None are assigned to meat plants despite Canada's deadly listeriosis crisis and promises made by the federal agricultural minister.
Ottawa (11 June 2009) - The Canadian Food Inspection Agency (CFIA) has hired 57 new inspectors but none are dedicated to front-line meat inspection despite 22 deaths resulting from Canada's listeriosis crisis and promises made by federal Agriculture Minister Gerry Ritz.
In information prepared for parliamentarians probing the state of food safety in Canada, the CFIA says some of the new inspectors are working on the implementation of Product of Canada labelling guidelines while others are conducting border blitzes for "high-risk commodities."
Still others hired under the federal government's Food Safety Action Plan are sampling and testing high-risk foods, completing laboratory method validation studies for high-risk commodities or designing an enhanced identification system for food manufacturers.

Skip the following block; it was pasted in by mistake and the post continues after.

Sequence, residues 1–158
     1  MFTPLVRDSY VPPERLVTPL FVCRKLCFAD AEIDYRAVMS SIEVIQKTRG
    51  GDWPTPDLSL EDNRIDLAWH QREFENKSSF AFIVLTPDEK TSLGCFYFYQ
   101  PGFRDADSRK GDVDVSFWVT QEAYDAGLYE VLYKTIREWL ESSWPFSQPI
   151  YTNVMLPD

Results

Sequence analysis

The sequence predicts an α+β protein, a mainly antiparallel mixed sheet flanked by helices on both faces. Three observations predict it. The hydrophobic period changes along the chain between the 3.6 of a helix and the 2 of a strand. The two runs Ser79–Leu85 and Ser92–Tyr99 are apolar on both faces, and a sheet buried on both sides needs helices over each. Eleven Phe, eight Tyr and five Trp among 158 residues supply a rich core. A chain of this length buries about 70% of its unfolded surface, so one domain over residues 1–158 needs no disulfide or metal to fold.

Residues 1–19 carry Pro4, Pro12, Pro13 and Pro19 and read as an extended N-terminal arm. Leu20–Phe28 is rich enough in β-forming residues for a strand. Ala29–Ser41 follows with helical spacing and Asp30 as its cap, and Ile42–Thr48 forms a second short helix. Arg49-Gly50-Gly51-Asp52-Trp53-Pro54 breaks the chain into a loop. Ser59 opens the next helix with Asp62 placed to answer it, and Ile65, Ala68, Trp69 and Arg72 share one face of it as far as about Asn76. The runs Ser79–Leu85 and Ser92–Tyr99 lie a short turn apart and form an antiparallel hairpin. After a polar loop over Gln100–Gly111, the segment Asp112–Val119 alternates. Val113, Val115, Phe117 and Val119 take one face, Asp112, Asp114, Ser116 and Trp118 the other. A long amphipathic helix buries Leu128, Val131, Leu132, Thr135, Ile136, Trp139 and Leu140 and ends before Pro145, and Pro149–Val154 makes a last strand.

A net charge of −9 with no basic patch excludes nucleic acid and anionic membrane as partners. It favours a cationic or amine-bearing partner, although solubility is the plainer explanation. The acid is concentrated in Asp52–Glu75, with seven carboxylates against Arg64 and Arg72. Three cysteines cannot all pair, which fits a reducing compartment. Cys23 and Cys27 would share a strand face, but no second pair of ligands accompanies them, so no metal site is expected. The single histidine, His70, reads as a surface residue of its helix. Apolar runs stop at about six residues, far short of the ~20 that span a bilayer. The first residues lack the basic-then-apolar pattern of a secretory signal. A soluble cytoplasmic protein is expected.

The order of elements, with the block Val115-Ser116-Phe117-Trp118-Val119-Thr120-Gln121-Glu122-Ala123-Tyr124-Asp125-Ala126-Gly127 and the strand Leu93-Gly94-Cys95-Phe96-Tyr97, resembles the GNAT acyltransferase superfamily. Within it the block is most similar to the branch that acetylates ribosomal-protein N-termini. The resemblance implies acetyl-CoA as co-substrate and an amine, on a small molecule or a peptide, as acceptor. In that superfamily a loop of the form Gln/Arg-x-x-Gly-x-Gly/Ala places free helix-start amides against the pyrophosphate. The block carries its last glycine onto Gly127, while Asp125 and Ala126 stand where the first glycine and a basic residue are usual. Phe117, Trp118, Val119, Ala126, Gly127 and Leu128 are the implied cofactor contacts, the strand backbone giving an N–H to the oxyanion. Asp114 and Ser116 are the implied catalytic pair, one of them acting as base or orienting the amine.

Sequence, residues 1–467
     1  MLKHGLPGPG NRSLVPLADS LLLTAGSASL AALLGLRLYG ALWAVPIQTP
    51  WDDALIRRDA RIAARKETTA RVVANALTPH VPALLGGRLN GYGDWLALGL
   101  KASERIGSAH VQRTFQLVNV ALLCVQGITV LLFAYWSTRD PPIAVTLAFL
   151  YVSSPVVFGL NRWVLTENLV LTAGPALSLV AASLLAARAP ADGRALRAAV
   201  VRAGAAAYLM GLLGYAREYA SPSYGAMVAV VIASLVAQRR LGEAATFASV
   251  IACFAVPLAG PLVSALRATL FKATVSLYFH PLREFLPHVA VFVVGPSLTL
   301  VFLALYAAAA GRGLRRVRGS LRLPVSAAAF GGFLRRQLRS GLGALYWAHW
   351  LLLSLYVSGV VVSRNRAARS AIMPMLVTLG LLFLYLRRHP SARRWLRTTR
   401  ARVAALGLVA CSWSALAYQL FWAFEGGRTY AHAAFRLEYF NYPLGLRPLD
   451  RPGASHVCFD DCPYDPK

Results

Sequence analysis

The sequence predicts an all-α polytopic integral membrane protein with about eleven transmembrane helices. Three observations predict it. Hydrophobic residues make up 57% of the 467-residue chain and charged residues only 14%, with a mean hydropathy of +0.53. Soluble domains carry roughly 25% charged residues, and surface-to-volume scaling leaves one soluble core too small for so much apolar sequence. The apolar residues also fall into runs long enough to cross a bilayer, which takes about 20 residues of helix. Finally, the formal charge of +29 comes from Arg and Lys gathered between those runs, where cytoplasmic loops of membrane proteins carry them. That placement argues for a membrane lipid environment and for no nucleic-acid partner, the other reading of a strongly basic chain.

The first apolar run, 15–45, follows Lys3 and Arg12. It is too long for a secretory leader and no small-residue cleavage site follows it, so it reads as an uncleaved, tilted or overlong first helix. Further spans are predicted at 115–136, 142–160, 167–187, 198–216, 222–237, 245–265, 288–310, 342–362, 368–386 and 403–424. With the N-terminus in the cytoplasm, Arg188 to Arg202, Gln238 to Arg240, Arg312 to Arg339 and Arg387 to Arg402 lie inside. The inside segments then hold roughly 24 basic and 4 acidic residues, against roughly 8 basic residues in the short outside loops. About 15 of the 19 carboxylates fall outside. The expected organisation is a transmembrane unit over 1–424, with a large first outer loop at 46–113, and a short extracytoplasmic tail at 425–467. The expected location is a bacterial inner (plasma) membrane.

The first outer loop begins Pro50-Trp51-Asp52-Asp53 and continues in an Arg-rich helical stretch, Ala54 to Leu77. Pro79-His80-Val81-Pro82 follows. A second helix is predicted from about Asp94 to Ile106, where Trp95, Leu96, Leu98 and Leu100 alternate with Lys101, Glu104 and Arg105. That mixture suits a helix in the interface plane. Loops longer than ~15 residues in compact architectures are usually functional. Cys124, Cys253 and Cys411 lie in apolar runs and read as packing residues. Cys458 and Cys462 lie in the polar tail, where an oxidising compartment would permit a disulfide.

"Of these 57 full-time resources, none are dedicated to meat inspection," says the briefing note, tabled this week in Parliament
When Ritz announced the new positions last August – after a definitive link was made between tainted meat produced at a Maple Leaf plant in Toronto and the deaths of 22 Canadians – he said the government was "targeting" additional inspectors to "be on the front lines."
Opposition critics have accused Ritz of going back on his word. The minister has since issued a statement saying that there was "no discrepancy" because all inspectors are considered "front-line."
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